Nuwan Pradeep: Sri Lanka's latest maverick
Sri Lanka’s knack of picking unorthodox cricketers out of nowhere continues. The replacement for Lasith Malinga, who is out of the second Test with a stiff knee, is a similar story. Until three years ago, Nuwan Pradeep hadn’t played any cricket with a leather ball – and he is 23 now. He won a pace contest, impressed the talent scouts with his pace in a soft-ball event, and was sent straight to Sri Lanka Cricket’s academy.
Pradeep doesn’t look as strong, his round-arm is not quite the slingshot, he is not quite the Malinga, but he has attributes: pace, and according to observers, outswing and reverse-swing. The pace and the round-arm action come because the tennis balls wouldn’t travel. Ranjit Fernando, national selector and his coach during Sri Lanka A’s tour of Australia, recommends Pradeep highly.
“Does not have any cricketing background,” says Fernando. “Never played with a cricket ball till three years ago. Came from a fast-bowling competition arranged by the Maharaja about three years ago. He was the fastest bowler in the competition. Bowled in Australia. There were no speed guns, but to me he bowled quicker than all the Australian bowlers. Being a slinger, he doesn’t have much bounce, but I feel he is someone to watch out for. He is quick, you can see it. Someone like him keeps on coming at you all the time, so is hard to negotiate on such wickets. He is also very accurate.”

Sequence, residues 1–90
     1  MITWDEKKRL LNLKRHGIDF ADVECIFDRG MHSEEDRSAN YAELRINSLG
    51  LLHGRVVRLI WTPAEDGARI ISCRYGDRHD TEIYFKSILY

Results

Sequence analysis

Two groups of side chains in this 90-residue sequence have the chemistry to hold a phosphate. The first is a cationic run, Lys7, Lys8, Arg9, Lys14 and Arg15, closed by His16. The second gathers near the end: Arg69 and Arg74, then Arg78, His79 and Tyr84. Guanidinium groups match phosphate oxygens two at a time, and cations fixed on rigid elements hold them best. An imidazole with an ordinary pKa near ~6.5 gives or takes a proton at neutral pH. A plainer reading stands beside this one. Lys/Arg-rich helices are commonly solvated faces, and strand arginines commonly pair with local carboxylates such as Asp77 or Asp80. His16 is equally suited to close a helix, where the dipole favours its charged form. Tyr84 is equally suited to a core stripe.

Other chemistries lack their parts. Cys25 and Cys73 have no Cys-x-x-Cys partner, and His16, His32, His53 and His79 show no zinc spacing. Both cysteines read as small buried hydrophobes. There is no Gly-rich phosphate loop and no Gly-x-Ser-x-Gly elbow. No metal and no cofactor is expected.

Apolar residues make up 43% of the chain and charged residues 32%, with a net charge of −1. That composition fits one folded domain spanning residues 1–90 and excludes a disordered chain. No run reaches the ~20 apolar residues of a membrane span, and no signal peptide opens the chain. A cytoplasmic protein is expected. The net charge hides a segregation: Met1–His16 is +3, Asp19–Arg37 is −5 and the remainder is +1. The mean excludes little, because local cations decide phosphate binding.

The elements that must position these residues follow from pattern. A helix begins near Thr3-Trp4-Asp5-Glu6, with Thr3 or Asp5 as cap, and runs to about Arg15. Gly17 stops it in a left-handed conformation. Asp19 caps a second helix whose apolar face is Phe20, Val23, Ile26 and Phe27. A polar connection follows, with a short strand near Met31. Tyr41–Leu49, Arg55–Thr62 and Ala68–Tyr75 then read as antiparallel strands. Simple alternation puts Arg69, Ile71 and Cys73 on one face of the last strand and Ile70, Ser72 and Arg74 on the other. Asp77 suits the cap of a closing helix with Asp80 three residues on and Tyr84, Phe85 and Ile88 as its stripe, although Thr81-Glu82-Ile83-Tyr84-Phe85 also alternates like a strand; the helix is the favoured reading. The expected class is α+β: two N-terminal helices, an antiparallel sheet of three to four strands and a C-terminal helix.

Sri Lanka’s former national bowling coach, Anusha Samaranayake, told srilankacricket.lk: “He can touch 150kph mark as of now. He has got express pace, and he’s also accurate. He’s a very special bowler. Comes at the batsman with a very long run-up and his pace has troubled many batsmen in the domestic circuit.”
Muttiah Muralitharan, Ajantha Mendis and Malinga have been glowing tributes to Sri Lanka’s tolerance for the unorthodox. Dilhara Fernando used to play only basketball until his school coach asked him to play cricket one fine day. Now we have Pradeep, who might not get a Test in this series, but provided he meets the fitness his action demands, could one day be bowling alongside Malinga in an international. Hard bowlers created by softballs.
Sidharth Monga is an assistant editor at ESPNcricinfo